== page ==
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Surveyors' Right of Entry

Landowners affected by infrastructure projects and/or facing expropriation often wonder if a surveyor may access private property without permission. The simple answer is yes.

In Ontario, the Surveys Act, R.S.O. 1990, c. S. 30 allows licensed surveyors and persons in the surveyor`s employ to enter onto private lands to carry out survey works. However, a surveyor may be liable for any damage caused to the property while carrying out investigative activities. Section 6(1) the Act states:

Right to enter land, buildings

6. (1) A surveyor or a person in the surveyor’s employ while making a survey may,

(a) at any time enter and pass over the land of any person; or

(b) at any time suitable to the occupant of a building enter the building,

and do any act thereon or therein for any purpose of the survey, but the surveyor is liable for any damage occasioned thereby.

Moreover, the legislation provides that landowners cannot obstruct a surveyor from entering the property. Section 6(2) of the Act provides that an owner can be fined up to $100 for obstructing a surveyor from entering the property:

Offence for obstructing

(2) Every person who interferes with or obstructs a surveyor or a person in the surveyor’s employ in the exercise of any of the powers conferred by subsection (1) is guilty of an offence and on conviction is liable to a fine of not more than $100. R.S.O. 1990, c. S.30, s. 6.

To minimize intrusion, owners may consider speaking with the expropriating authority or responsible government agency to request advance notice, or to seek specific times for surveyors to enter the property.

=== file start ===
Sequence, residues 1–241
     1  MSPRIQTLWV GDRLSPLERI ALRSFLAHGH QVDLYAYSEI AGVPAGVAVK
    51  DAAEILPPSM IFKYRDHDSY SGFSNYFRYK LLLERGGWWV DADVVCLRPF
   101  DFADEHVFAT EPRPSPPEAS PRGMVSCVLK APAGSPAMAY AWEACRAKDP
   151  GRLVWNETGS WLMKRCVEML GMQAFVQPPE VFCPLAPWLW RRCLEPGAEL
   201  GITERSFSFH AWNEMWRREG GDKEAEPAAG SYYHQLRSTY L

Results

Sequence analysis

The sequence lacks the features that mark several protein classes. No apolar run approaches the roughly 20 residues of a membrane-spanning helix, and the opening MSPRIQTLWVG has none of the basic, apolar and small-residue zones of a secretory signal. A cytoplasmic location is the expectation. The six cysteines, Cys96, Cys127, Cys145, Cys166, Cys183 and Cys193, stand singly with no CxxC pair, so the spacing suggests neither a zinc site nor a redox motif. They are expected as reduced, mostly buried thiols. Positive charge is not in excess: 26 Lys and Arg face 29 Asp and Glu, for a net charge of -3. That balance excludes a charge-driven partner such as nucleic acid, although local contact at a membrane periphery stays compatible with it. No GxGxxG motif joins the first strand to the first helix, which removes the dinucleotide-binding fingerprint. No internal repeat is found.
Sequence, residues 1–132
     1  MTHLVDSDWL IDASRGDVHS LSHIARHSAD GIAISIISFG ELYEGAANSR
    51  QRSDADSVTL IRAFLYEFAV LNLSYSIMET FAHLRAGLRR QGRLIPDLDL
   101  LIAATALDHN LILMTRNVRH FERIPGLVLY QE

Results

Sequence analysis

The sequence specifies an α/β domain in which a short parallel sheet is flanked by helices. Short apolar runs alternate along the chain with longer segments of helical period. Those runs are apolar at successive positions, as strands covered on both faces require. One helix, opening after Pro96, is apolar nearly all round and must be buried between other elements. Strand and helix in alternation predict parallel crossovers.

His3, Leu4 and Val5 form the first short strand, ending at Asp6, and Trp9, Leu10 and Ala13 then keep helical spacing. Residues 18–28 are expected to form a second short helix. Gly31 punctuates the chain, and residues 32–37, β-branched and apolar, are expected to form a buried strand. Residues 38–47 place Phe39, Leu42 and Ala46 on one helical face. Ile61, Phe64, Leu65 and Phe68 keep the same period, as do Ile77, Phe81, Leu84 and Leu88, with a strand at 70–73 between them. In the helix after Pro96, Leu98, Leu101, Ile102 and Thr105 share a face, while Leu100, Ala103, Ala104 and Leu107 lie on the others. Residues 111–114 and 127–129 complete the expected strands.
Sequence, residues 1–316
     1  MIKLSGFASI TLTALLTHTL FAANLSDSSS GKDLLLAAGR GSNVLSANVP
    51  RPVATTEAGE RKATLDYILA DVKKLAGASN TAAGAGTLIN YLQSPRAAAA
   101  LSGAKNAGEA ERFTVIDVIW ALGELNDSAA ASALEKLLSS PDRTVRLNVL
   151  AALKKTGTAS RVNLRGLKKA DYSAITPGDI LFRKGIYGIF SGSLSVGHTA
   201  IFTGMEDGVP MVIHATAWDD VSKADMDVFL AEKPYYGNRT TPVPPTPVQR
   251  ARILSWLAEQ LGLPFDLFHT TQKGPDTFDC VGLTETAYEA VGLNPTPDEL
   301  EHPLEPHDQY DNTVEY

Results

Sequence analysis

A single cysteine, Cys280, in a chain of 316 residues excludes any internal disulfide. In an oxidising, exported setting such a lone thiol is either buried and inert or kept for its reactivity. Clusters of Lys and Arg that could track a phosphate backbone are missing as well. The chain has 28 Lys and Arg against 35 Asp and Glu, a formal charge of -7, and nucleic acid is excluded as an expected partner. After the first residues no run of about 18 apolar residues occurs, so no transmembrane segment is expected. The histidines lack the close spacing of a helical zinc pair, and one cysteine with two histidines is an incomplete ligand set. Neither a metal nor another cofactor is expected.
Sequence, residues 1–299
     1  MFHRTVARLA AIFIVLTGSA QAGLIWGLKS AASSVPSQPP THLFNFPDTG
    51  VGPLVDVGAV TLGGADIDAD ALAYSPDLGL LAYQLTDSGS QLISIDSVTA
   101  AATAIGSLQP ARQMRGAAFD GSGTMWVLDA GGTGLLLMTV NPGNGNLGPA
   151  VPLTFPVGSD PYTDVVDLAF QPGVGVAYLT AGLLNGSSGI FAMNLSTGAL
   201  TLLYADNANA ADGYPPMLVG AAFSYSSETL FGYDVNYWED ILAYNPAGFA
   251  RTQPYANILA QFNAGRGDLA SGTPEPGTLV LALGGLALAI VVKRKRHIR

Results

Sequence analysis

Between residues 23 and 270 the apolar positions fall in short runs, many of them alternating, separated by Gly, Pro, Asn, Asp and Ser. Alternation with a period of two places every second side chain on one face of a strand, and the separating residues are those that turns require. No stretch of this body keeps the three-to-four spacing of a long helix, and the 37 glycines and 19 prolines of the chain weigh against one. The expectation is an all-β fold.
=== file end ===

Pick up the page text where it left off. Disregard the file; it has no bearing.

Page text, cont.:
Related Blogs

Learning of a Potential Expropriation

Landowners often learn of a potential expropriation long before it actually takes place. Owners will sometimes become aware that their lands are to be acquired/expropriated for an infrastructure project through a public consultation or information session.

Why is My Land Being Expropriated

Land can be expropriated for a variety of public purposes, depending on the institution or government authority carrying out the work. Most expropriation projects arise out of a need for new and improved public infrastructure, and arrive on the heels of environmental assessments which determine the best route or location for the project.

Legal Costs Under the Expropriations Act

The Expropriations Act is a remedial statute with the purpose of rendering the expropriated land owner economically whole. Accordingly, in addition to prescribing compensation for land taken and related impacts, the Act also prescribes the reimbursement of reasonable legal and professional costs incurred by an owner in the determination of compensation. The reimbursement of costs is contemplated under section 32 of the Act.

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